Conspecific brood parasitism in waterfowl and cues parasites use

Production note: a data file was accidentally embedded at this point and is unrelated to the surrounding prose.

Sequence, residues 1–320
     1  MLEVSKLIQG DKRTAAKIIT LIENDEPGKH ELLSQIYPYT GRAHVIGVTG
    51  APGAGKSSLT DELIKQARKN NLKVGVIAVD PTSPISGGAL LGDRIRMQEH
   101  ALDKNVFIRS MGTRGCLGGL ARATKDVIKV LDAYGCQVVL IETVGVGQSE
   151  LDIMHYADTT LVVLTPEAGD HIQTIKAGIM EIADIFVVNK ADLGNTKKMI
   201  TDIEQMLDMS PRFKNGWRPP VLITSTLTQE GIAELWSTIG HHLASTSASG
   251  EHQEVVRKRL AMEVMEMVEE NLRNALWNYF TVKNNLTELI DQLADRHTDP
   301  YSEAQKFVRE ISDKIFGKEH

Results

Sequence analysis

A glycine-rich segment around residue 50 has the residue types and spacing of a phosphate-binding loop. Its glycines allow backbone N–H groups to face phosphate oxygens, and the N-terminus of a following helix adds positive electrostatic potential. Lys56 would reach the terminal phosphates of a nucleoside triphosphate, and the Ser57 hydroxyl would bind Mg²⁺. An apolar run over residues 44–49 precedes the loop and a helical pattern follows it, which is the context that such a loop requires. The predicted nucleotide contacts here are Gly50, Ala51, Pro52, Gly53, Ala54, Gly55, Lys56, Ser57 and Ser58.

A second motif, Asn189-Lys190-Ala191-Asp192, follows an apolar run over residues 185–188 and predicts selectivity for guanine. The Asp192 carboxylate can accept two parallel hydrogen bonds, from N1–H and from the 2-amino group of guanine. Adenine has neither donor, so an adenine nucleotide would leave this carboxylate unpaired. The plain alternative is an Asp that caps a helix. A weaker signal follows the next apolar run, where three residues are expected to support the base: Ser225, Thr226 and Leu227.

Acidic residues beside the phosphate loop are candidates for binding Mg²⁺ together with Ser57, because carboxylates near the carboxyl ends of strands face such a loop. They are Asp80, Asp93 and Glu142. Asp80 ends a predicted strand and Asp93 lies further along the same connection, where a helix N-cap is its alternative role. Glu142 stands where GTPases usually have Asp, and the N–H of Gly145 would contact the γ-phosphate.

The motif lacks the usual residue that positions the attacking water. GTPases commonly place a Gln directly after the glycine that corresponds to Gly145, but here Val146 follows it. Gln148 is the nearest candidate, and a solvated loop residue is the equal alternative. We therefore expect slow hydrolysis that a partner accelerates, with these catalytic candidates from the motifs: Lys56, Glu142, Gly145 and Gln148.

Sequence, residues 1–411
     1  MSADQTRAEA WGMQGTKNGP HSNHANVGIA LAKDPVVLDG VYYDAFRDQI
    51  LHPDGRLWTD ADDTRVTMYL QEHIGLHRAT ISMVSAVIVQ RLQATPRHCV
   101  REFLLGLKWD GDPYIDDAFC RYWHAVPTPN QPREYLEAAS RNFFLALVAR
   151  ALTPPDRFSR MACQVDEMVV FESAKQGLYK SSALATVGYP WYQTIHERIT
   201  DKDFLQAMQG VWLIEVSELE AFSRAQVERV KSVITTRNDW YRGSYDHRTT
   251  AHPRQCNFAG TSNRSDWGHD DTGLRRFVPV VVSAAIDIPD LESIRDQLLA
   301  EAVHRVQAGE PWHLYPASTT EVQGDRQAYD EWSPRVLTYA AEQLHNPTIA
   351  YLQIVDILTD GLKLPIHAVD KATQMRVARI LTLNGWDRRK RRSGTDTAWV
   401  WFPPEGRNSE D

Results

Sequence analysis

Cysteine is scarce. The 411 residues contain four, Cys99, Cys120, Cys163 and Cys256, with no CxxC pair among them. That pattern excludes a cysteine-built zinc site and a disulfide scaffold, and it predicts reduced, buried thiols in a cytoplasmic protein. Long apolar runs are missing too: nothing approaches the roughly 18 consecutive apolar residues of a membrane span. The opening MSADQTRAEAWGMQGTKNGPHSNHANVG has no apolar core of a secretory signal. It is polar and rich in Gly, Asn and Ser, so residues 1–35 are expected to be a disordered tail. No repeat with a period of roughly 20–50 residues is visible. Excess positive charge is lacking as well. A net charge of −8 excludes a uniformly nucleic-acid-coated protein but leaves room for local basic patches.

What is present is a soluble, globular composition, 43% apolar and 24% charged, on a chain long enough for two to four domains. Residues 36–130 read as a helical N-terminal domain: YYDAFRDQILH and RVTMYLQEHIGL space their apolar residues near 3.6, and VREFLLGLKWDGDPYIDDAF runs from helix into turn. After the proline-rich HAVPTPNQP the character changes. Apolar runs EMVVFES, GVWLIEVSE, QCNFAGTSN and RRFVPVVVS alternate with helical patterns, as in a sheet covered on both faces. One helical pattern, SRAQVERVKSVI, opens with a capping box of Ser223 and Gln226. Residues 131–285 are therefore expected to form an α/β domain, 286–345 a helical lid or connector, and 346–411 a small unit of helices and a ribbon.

Conspecific brood parasitism (CBP) occurs in various insects, fishes and birds, but it is disproportionately common in waterfowl (Anatidae). Studies of CBP in Anatids therefore have helped to develop a fundamental conceptual framework with which to explain this intriguing behaviour. Yom-Tov (1980) first drew attention to CBP, and Andersson and Eriksson (1982) also hinted at the fascinating behavioural, ecological and evolutionary aspects of CBP in waterfowl. Several reviews followed these early papers, but much has been learned more recently about CBP in waterfowl. Here we aim to review the traditional conceptual framework of CBP in waterfowl and to consider empirical studies that have attempted to test related hypotheses. The survey provided support for the hypotheses that CBP allows some females to reproduce when not otherwise possible, whereas other females use parasitic egglaying as a way to enhance their fecundity. A recently developed framework that considers CBP as part of a flexible life-history strategy could provide a useful direction for future studies of CBP. A second aim of this review is to consider the use of cues by conspecific brood parasites seeking suitable places to lay eggs parasitically. Recent studies have revealed remarkable cognitive abilities in parasitic females, but the actual mechanisms remain unknown. Clearly, breeding females are sensitive to cues such as nest site security, patterns of previous nest use or success, clutch size, and perhaps even the degree of kinship between hosts and other parasites. Indeed, additional investigations of CBP are needed to provide a better understanding of the processes and patterns of this avian reproductive strategy.